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Scottish salmon industry challenged over move to drop ‘farmed’ from labels
Environment Science

Scottish salmon industry challenged over move to drop ‘farmed’ from labels

Animal welfare campaigners are challenging the decision to allow producers of Scottish salmon to drop the word “farmed” from labelling.

An application by the industry body claimed changing the protected name wording on the front of packaging from “Scottish farmed salmon” to “Scottish salmon” made sense because wild salmon was no longer sold in supermarkets, which consumers were aware of.

But charities and chefs have criticised the decision by the Department for Environment, Food and Rural Affairs (Defra), taken last month, to allow Salmon Scotland’s application, saying it facilitates greenwashing and will mislead consumers.

Rachel Mulrenan, of WildFish, one of the organisations bringing the legal challenge, said: “As sustainability issues become increasingly important, this is a thinly disguised attempt by the Scottish salmon farming industry to pull the wool over consumers’ eyes, both in the UK and further afield.

“More than ever, people need to know the true origin of the products they are buying and consuming, so that they can make informed decisions. This name-change is a step in the wrong direction.”

The change relates to the labelling of salmon from Scotland under the protected geographical indication (PGI) scheme, which was brought in to replace a similar EU scheme. Other protected Scottish products include Scotch whisky, lamb and beef. The fact the salmon is farm-raised will still have to be displayed on the back of packaging.

At the time the application was granted, Salmon Scotland said: “When consumers talk about ‘Scottish salmon’, they are talking about farm-raised Atlantic salmon from Scotland – and this change makes that clear.”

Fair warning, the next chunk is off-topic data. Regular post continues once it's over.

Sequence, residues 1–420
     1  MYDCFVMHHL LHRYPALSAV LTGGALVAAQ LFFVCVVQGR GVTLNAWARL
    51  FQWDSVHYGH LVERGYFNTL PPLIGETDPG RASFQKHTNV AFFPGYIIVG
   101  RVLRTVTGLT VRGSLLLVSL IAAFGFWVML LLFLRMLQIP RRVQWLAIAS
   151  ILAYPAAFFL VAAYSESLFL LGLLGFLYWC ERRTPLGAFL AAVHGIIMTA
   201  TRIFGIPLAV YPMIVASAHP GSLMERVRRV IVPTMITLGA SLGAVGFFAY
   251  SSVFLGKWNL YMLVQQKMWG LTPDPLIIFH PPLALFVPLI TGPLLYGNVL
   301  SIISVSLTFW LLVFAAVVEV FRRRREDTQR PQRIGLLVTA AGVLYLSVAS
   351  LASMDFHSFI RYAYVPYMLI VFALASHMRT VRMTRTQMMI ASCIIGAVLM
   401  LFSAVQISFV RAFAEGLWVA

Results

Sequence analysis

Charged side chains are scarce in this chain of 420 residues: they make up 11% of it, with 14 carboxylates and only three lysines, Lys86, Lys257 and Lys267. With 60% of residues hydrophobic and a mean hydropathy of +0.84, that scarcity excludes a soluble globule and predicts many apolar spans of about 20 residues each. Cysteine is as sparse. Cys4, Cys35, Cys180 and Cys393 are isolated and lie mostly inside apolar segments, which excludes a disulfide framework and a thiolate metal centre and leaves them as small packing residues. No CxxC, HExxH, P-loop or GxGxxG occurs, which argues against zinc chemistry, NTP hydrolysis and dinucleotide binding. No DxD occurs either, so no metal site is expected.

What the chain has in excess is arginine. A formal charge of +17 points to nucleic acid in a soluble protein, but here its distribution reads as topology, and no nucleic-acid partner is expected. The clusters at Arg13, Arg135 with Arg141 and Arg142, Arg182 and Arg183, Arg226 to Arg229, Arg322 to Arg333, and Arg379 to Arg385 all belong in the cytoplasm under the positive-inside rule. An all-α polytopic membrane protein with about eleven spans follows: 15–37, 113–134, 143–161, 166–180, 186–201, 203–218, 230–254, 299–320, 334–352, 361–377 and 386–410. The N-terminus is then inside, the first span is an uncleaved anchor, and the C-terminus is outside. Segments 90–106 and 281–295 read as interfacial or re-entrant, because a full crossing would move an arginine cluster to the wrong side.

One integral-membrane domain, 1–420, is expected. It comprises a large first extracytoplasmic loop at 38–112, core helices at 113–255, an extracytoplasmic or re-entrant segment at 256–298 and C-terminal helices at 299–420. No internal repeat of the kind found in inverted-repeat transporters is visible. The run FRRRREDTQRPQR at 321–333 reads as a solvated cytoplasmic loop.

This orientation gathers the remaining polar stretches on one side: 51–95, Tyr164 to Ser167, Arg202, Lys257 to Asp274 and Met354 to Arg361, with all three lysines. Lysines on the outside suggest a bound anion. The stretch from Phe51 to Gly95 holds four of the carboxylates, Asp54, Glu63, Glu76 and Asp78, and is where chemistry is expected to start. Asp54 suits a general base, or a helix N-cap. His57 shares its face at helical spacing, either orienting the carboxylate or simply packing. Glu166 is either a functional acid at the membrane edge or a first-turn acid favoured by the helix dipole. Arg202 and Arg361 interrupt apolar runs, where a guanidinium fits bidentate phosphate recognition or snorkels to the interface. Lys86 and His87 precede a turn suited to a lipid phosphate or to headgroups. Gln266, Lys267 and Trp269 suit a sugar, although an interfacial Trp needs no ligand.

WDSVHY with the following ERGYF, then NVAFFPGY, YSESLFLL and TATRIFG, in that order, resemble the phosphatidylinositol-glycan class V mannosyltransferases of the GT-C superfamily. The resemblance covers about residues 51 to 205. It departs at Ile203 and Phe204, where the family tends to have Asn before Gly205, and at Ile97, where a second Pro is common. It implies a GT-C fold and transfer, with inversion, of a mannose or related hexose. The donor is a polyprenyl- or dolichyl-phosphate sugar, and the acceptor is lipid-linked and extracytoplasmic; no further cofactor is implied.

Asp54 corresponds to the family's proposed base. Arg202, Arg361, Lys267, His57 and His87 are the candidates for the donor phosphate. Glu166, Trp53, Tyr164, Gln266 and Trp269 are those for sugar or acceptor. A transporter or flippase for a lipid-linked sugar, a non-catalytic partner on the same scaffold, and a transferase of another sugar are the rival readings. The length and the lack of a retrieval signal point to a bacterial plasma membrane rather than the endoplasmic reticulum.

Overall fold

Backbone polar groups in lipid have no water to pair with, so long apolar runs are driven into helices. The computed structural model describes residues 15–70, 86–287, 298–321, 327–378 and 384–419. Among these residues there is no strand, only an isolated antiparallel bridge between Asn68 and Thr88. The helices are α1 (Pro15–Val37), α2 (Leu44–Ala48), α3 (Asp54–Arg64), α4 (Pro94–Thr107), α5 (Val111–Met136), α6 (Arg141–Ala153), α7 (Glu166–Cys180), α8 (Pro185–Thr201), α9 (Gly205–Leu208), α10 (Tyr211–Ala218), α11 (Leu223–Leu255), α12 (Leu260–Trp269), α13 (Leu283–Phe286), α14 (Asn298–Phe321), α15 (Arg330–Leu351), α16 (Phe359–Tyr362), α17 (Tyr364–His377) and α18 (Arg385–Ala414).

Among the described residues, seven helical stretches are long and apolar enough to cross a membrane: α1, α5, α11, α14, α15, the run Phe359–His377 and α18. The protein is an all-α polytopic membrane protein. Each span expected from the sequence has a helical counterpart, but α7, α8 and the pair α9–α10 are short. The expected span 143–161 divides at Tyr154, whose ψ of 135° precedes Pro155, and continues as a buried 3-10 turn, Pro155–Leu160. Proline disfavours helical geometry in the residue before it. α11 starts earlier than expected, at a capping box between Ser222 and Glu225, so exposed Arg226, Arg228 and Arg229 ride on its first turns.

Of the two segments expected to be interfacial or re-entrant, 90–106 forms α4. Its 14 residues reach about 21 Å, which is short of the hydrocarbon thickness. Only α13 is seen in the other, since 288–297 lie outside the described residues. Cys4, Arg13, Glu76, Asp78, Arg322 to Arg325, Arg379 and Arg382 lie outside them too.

Abigail Penny, the executive director of Animal Equality UK, the other organisation appealing to the first-tier tribunal, said: “Changing a label doesn’t change the reality. The Scottish farmed salmon industry is riddled with issues. Deadly lice infestations and disease outbreaks aren’t just common, they are the norm, and they are causing millions of salmon to die on farms each year. Rather than admit to its ineptitude, the industry is instead attempting to bury the truth, and risks seriously deceiving unsuspecting consumers in the process.”

Intensive salmon farming can also threaten wild salmon populations if escaped farmed fish breed with wild fish. More than 200 chefs and restaurants, as well as 60 community groups, charities and NGOs, are supporting WildFish’s “off the table” campaign, which asks chefs and restaurants to take farmed salmon off their menus.

Animal Equality UK and Wildfish claim that, as well as misleading consumers, the change to the PGI breaches assimilated EU Regulation 1151/2012 on quality schemes for agricultural products and foodstuffs.

Tim Maddams, the former head chef of the River Cottage Canteen, said: “Be it farmed salmon that are fed on wild-caught fish and reared in low-welfare lots that pollute these beautiful remote places, or the vast array of not-quite-commitments to welfare standards (‘outdoor bred, freedom food, outdoor reared’) of land-based agriculture, this decision is one more nail in the coffin for Scotland’s wild salmon and sea trout and another opportunity for profit from this disappointing industry.”

The naturalist and broadcaster Chris Packham, who is the president of the animal welfare charity the RSPCA, has described the growing Scottish salmon farming industry as “catastrophic” for fish welfare and Scotland’s environment.

Tavish Scott, the chief executive of Salmon Scotland, said: “We know when consumers talk about ‘Scottish salmon’ they are talking about the salmon produced by our member companies, and the update to the PGI is a small but important clarification.”

Defra declined to comment while proceedings were under way.

Source: theguardian.com